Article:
Australian fund managers and analysts have warned that impending developments with leading COVID vaccine candidates could cause more volatility in global markets already reeling from Donald Trump’s coronavirus diagnosis and uncertainty about the US election result.

There are 11 COVID-19 projects in the phase 3 trial stage and investors are expecting updated data from companies including Pfizer, AstraZeneca and Johnson & Johnson in the next three months.

Cross asset investment specialist at Fidelity International Anthony Doyle said any vaccine approval or significant data updates would have “market moving significance on the day and contribute to heightened volatility”.

However, he warned any gains could be shortlived as investors turned their focus on the logistics of deploying a vaccine. “It would be an enormous, significant event if it were to occur, but if a vaccine was approved, there would still be questions about the rollout,” Mr Doyle said. “But I think the sugar rush to the market would be very short and sweet before more questions start to get asked.”

Amid the uncertainty caused by COVID-19 shutdowns, investors have been particularly sensitive to news – positive or negative – about a potential vaccine.

At the start of July the benchmark S&P/ASX 200 rallied above the 6000 mark, gaining 1.7 per cent on a positive update from Pfizer about its project. On September 9, the local sharemarket dropped more than 2 per cent after the market digested the news that the University of Oxford and AstraZeneca had paused their phase 3 trial after an adverse reaction from a participant.

The local bourse is still sitting 13.4 per cent below where it was on January 2, before the pandemic took hold. Investors may be in for more volatility this week as the Australian market responds to US President Donald Trump’s coronavirus diagnosis. News of this filtered through in the last hour of trading on Friday and saw the ASX 200 plunge in late trade to finish down 1.4 per cent for the session. US markets also fell on Friday with the tech-heavy Nasdaq index feeling most of the pain with a drop of 2.2 per cent.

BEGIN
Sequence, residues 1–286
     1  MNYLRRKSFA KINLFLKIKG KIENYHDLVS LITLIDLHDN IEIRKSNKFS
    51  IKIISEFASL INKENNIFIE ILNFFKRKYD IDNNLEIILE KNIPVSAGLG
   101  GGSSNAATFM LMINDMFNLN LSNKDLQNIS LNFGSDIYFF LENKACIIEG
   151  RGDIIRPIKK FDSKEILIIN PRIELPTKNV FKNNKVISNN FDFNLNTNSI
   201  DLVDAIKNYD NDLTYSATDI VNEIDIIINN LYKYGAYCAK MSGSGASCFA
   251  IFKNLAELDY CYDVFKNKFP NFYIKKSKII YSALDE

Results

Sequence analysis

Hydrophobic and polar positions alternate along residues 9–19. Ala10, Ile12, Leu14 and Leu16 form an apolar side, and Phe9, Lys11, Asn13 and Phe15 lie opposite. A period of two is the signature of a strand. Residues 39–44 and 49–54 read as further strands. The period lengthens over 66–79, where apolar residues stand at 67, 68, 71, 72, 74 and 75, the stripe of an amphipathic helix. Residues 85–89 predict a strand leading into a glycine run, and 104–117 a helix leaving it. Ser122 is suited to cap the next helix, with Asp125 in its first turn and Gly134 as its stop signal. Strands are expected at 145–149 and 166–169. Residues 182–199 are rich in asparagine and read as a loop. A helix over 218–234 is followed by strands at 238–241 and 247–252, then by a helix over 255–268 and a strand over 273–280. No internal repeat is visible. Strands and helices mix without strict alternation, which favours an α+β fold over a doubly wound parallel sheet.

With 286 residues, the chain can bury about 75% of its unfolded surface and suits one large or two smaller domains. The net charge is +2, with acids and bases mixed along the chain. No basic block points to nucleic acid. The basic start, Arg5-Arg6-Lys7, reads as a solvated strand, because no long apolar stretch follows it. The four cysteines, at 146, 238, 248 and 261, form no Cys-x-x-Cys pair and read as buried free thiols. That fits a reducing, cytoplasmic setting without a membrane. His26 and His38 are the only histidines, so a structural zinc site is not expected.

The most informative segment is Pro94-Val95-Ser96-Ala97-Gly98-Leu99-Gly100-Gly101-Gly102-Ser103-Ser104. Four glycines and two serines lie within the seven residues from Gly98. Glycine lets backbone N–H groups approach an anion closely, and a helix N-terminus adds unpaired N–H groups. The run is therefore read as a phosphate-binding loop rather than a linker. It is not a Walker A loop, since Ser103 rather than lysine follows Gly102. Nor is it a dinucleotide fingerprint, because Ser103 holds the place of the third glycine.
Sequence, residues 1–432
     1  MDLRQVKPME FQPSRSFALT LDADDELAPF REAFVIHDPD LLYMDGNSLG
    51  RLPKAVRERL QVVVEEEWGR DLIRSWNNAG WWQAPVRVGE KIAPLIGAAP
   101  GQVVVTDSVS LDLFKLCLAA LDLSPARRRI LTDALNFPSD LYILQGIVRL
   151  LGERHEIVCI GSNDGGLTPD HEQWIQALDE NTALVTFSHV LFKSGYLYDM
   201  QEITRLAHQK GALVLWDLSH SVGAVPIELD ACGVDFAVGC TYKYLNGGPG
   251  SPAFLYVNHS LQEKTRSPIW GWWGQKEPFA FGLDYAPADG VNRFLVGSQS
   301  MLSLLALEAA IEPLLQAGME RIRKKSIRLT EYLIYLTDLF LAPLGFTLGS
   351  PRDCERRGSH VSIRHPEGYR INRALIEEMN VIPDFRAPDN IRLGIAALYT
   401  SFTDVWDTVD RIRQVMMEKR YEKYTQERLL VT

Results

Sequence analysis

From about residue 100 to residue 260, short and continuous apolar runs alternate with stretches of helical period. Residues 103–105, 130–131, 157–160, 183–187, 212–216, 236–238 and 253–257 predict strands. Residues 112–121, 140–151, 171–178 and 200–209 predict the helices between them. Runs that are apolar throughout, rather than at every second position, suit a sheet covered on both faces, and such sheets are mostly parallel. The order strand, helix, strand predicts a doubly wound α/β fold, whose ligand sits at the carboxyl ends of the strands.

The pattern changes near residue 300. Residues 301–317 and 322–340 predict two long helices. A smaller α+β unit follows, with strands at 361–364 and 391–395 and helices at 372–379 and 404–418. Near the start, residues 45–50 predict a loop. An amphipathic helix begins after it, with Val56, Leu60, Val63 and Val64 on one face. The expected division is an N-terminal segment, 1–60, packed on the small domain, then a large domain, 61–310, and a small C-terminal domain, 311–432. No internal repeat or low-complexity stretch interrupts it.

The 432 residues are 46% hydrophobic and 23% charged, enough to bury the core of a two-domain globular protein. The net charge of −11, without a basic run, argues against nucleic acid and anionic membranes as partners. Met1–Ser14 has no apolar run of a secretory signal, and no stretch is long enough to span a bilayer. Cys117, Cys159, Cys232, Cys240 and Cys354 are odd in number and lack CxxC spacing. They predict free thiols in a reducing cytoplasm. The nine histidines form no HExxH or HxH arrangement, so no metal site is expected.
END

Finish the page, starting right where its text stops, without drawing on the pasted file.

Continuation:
Australia has so far made just one deal with a project in late-stage trials, entering an agreement for CSL to make 30 million doses of the AstraZeneca/University of Oxford vaccine if successful.

Lead portfolio manager for WAM Global Limited Catriona Burns said news of a successful phase 3 trial would drive markets higher, though there are other factors at play as economies recover from COVID-19.

“The prospect of a vaccine has assisted markets in recovering towards pre-COVID-19 levels, however the greater force has been the monetary and fiscal stimulus enacted in the aftermath of lockdowns,” she said.

Investors should be prepared for major data releases to continue to have an impact on markets, Ms Burns said. “Good news and bad news on from those data releases will drive markets. Look for relative out- or under-performance of cyclically exposed stocks on positive or negative news.”

In August, the UBS Global equities team highlighted small cap companies have been the most sensitive to positive vaccine news across the S&P500. Cyclical industries, including consumer stocks and energy, have been the biggest beneficiaries of good news about vaccines, posting returns of more than 2 per cent on days where there’s positive news.

Manager of Platinum Asset Management’s international healthcare portfolio Bianca Ogden said she was looking beyond the first announcement of a successful vaccine, saying the path towards vaccination for the virus will take time.

“Your guess is as good as mine as to what the market will do [after the first approval],” she said.

“Once the plan for a vaccine is there, let’s reassess. You also have to remember this will take a while. Mid next year, I think you probably get a flood of these other vaccines coming through.”